LCS employs a 3:2:1 crewing/deployment model unique to the surface fleet, in which three rotating crews operate two ships, keeping one of the ships forward deployed. This rotational crew concept will yield a force-wide availability (i.e. forward presence) of 50 percent, as opposed to the 20-25 percent availability/presence of single-crewed legacy ships.
A key enabler of LCS rotational crewing is the LCS shore-based training and certification capability, which represents a significant advancement in the surface force approach to qualification of individual watchstanders and teams. Both crew and ship training is based on a virtual ship-centric concept, accomplished through a combination of classroom instruction, vendor training, shore-based trainers and sophisticated virtual reality training systems. This ensures LCS ships deploy with fully qualified sailors, allows for crew rotations while LCS ships are deployed and increases the forward presence time for each LCS ship.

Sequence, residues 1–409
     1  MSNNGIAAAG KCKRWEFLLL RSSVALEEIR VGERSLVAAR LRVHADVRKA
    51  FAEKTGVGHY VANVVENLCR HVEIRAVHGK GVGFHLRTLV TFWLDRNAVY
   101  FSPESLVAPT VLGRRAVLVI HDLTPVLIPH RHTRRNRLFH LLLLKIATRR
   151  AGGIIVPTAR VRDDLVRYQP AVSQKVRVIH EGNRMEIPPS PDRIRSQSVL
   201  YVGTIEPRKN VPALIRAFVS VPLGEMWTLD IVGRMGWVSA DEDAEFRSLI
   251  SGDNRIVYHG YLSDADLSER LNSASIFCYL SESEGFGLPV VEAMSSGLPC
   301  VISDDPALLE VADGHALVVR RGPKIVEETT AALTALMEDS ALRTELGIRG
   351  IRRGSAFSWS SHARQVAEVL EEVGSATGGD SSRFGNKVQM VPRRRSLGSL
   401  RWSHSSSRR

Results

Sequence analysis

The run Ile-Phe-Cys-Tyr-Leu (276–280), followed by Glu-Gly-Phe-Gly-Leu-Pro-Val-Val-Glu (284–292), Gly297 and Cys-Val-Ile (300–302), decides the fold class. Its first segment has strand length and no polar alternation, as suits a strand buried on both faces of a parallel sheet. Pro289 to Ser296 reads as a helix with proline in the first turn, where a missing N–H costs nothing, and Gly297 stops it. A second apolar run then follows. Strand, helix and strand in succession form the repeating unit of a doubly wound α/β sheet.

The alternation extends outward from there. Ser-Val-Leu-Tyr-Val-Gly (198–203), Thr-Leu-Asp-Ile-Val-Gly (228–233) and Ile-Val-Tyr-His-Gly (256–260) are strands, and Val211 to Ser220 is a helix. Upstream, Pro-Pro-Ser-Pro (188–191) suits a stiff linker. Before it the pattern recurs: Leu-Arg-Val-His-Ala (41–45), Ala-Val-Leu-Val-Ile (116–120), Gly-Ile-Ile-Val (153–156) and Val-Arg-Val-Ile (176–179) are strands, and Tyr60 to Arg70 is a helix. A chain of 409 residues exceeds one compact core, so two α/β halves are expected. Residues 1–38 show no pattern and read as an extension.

Background The LCS Fleet Introduction and Sustainment Program Office (PMS 505) was established in 2011 to consolidate all aspects of LCS sustainment, training and logistics into a single program office, effectively streamlining processes and personnel that were previously scattered across multiple ship classes and locations. With multiple ships and mission modules being delivered on a yearly schedule, consolidating all of these support functions within a single program office was the most efficient and cost effective solution, providing direct support to the acquisition manager during the acquisition phase, the production manager during the production phase, as well as the sustainment manager during in-service operations.